The Battle for Religious Liberty in America

Rick Tyler

By early summer of 1787, the refrain echoing in Independence Hall from the skeptics among the delegates gathered in Philadelphia, was the fear that the new Constitution made wide the path to tyranny for the new central government. The “anti-federalists” insisted that the rights of the citizens of the new republic be made plain to avoid usurpation by an encroaching federal government. The First Congress subsequently passed and sent a list of proposed amendments to the states on September 25, 1789. The first ten that were ratified by the states comprise what become known as the Bill of Rights.

The very first sentence of the First Amendment to the Constitution begins, “Congress shall make no law respecting an establishment of religion, or prohibiting the free exercise thereof.” Given this plain statement, with its intent so abundantly clear, it’s hard to imagine how in the course of human events that intent has become so tangled. Yet the courts have tortured these simple words into a maze of contradictory interpretations.

“The very first sentence of the First Amendment to the Constitution begins, “Congress shall make no law respecting an establishment of religion, or prohibiting the free exercise thereof.””

The Secularist War Against the Free Expression of Religion in America

Today, the founders’ original intent is all but lost in a post-modern world patrolled by the fascistic impulses of self-appointed enforcers of political correctness.

If you think that characterization is too harsh or hyperbolic, consider the following true stories:

Deep within the Mojave National Preserve in Southeastern California, there is a cross affixed atop a lonely outcropping of rock known as Sunrise Rock. It commemorates the men and women who died fighting for freedom in World War I. A cross of one kind or another has stood on this rock for the last 75 years. Today the cross is obscured with plywood by order of a Federal Court until the Supreme Court decides its fate.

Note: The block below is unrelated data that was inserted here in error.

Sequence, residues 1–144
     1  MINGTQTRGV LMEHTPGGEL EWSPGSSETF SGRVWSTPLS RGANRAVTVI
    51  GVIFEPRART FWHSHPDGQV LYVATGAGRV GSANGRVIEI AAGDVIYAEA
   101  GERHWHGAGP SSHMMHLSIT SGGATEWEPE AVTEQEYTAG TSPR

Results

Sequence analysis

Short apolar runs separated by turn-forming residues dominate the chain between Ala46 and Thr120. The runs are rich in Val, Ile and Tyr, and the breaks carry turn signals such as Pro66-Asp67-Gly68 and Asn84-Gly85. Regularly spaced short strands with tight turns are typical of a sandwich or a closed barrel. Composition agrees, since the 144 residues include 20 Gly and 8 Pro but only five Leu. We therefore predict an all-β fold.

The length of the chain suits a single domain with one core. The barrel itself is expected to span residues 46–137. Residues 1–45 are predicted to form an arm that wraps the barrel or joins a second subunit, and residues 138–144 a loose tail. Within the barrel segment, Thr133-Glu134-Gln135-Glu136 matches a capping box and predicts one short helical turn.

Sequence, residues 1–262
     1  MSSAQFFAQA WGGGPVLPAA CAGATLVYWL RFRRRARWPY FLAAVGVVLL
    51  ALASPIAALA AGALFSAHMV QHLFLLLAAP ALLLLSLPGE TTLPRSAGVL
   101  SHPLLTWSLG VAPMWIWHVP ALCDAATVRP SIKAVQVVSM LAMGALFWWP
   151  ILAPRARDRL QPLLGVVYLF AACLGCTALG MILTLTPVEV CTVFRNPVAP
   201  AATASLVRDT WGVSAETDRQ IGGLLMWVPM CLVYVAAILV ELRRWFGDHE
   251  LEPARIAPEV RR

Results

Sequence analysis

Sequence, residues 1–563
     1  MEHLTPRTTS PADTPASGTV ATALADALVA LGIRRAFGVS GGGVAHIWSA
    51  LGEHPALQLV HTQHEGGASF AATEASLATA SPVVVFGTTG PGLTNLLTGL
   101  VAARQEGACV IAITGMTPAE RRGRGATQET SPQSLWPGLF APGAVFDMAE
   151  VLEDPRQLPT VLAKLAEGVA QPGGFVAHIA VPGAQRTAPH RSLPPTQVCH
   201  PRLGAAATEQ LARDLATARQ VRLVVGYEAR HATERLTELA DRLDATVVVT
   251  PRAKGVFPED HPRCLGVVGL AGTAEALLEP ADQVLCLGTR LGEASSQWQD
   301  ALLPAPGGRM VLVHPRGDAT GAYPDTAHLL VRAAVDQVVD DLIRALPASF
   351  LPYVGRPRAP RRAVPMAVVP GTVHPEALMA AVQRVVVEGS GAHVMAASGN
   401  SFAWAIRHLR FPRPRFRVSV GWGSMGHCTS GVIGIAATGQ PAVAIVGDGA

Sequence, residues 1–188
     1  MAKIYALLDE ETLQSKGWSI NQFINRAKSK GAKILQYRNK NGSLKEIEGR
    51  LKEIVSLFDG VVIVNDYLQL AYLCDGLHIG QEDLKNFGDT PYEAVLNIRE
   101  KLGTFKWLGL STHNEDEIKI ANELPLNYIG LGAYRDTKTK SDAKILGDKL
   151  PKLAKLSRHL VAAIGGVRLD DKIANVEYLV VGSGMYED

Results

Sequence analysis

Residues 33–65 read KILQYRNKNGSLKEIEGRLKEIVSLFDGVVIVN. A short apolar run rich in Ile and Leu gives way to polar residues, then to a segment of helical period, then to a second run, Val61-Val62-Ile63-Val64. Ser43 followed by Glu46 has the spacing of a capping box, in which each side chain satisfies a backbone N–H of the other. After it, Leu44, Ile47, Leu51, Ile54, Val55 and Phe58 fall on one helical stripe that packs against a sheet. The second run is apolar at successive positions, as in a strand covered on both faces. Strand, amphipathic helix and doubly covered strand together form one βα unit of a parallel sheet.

The President of William and Mary College removed a cross from the historic Wren Chapel because he decided it was “unwelcoming”.

In the new Capitol Visitors Center in Washington, DC, our Godly heritage was initially purged from the displays. Among the numerous errors of historical fact, our national motto was incorrectly identified as “E Pluribus Unum” instead of “In God We Trust.” And that motto was purposefully omitted from the display representing the House chamber, even though in the actual chamber the words “In God We Trust” are displayed prominently above the Speakers Chair.

The Ninth Circuit Court of Appeals ruled that allowing school children to recite the Pledge of Allegiance with the phrase “under God” is unconstitutional.

A pastor was arrested in a California Mall for having a casual conversation about faith with two shoppers.

A Baptist Minister who offered sidewalk counseling to women considering abortion served 30 days in jail for peacefully protesting outside a Planned Parenthood abortion clinic in Oakland, California.

A student at Missouri State University studying to be a social worker was interrogated by school faculty and subsequently threatened with expulsion when she asked for an alternative assignment that did not compromise her Christian beliefs. She had been required to lobby state legislators in favor of adoption by same-sex couples.

Despite that fact that Federal courts have repeatedly ruled that public universities cannot discriminate against religious student organizations, the University of Wisconsin de-funded the student group, Wisconsin Roman Catholic Foundation (WRCF), arguing that funding the WRCF violates the Establishment Clause of the First Amendment.

A Vermont Family Court judge ruled that the biological mother of a 7 year-old girl must turn over her daughter to her long-time lesbian partner after the mother became an evangelical Christian, broke up the relationship, renounced the homosexual lifestyle, and moved to Virginia.